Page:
Super important. All right, yes, nine at the time, we don’t we don’t want to get anyone an unfair advantage. And even a day more time to think about this, this information could be seen as an unfair competitive advantage.

Kevin Jans 11:50
Especially if there’s only 10 days left before the proposals are due. That’s a 10% advantage.

Paul Schauer 11:55
That’s why this is so important. Industry needs to clearly understand what the government has is asking for in the RFP in order to submit a compliant and effective winning, winning proposal winning

Kevin Jans 12:08
proposal, but not just doing it, because it’s fun actually trying to win something.

Paul Schauer 12:12
Like you said, if it’s not clear, they may have to guess and if they guess that’s risk for both sides, right industry, you could lose if you guess wrong. And government, you could not be able to award to the best contractor with the best price because they guessed wrong on something that if it had been clear, they would have guessed right and and you’d have a better solution for your mission.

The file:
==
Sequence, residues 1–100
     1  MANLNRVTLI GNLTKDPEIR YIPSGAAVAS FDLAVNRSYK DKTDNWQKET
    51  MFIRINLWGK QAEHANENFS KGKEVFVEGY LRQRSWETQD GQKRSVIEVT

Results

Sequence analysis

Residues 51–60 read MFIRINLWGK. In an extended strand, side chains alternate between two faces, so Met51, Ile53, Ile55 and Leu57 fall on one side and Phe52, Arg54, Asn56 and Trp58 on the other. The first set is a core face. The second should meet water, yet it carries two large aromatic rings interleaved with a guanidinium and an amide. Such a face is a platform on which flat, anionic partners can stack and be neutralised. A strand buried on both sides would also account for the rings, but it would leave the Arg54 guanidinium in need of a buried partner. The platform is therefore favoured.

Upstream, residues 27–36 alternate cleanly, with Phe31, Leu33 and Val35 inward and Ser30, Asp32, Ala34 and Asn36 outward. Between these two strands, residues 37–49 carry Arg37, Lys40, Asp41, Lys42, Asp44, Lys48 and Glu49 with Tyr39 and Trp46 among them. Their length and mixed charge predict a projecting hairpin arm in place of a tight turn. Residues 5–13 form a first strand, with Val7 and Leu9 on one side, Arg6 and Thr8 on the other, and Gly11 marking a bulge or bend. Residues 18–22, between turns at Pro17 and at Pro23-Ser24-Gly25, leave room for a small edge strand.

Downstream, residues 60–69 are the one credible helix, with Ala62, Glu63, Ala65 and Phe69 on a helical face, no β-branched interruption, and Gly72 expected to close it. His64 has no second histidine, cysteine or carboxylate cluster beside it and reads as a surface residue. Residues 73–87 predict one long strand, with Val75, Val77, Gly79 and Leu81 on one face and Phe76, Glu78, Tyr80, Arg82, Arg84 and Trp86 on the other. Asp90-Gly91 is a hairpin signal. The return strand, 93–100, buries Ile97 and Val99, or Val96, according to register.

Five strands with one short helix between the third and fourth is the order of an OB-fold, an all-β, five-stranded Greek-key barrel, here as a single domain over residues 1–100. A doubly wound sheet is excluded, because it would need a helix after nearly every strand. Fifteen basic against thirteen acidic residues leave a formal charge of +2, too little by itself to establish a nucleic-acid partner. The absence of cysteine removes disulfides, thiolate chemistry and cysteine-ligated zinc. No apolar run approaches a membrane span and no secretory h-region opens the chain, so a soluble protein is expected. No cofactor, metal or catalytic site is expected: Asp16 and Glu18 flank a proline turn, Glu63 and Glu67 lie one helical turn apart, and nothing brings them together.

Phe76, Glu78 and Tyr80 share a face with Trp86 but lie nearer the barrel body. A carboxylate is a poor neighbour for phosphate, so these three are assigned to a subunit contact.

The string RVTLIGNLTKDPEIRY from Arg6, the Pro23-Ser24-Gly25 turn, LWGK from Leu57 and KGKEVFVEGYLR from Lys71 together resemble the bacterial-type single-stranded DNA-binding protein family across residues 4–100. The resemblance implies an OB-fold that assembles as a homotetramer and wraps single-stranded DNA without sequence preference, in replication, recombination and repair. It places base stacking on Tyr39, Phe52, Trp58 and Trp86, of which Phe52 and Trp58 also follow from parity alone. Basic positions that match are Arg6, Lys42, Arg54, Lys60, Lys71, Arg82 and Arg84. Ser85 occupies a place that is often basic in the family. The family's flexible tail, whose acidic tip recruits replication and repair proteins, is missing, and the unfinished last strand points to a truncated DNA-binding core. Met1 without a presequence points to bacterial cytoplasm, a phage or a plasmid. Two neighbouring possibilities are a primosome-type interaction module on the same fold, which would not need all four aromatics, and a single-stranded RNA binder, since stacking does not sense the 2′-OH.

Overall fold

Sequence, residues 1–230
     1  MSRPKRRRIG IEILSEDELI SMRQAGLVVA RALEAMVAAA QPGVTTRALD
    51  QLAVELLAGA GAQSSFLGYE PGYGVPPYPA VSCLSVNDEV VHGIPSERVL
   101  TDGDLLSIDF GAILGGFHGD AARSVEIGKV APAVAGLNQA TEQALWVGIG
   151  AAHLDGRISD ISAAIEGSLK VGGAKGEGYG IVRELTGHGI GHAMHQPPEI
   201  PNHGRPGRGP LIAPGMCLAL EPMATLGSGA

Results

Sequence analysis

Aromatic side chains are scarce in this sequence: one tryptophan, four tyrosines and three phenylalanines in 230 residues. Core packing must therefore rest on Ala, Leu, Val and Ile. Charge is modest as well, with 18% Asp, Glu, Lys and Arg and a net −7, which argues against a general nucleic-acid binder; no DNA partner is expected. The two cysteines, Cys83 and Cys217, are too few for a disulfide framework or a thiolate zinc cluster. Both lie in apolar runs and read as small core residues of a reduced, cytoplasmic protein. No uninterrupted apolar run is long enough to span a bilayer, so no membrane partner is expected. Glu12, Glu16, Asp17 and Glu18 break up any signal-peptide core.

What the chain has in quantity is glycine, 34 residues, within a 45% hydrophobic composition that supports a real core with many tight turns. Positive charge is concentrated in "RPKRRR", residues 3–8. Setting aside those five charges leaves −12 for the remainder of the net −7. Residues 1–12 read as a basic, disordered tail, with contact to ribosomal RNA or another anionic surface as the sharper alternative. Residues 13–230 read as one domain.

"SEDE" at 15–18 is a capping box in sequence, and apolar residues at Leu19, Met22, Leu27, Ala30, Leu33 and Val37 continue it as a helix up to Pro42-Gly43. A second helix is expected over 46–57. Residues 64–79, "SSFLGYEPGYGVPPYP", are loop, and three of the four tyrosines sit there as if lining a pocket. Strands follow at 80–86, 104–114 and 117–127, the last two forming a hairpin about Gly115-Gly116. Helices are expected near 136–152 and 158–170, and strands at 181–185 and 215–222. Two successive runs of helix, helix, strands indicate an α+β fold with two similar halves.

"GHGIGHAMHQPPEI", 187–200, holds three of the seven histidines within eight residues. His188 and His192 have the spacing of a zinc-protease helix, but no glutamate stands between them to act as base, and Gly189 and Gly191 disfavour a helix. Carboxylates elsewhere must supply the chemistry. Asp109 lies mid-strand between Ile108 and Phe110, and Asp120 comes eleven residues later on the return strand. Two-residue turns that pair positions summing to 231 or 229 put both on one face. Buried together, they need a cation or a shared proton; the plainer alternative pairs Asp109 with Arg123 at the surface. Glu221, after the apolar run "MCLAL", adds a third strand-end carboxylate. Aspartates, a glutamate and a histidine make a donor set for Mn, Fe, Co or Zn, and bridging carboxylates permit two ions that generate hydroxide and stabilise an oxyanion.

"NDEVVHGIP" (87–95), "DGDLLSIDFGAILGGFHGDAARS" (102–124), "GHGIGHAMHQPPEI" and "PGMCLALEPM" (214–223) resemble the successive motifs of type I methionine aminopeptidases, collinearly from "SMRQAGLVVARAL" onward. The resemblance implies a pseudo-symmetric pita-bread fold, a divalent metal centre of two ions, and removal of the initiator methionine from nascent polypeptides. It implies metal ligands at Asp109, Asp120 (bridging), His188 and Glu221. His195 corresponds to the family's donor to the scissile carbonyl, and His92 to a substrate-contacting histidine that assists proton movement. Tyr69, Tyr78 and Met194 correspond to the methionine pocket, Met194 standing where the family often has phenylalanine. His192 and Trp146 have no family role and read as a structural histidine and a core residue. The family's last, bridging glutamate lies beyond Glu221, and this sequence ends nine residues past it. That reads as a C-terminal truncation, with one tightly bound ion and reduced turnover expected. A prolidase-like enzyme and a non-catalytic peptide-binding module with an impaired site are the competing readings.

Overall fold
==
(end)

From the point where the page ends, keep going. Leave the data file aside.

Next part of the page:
Kevin Jans 12:36
And to avoid or at least minimize those risks. The best way for contractors to alleviate those risks is to ask questions. And that’s why it’s so important for government folks to answer them. And I didn’t realize that as clearly when I was a contracting officer. So I probably took me a little bit longer than it should have. I didn’t have that sense of urgency, answering their questions. Unless I was afraid of a protest, then the lawyer was hit me upside the shoulder to get it done. If the contractor doesn’t know clearly what you want, it’s a high risk endeavor for them to submit a proposal and it just gets kind of to your point.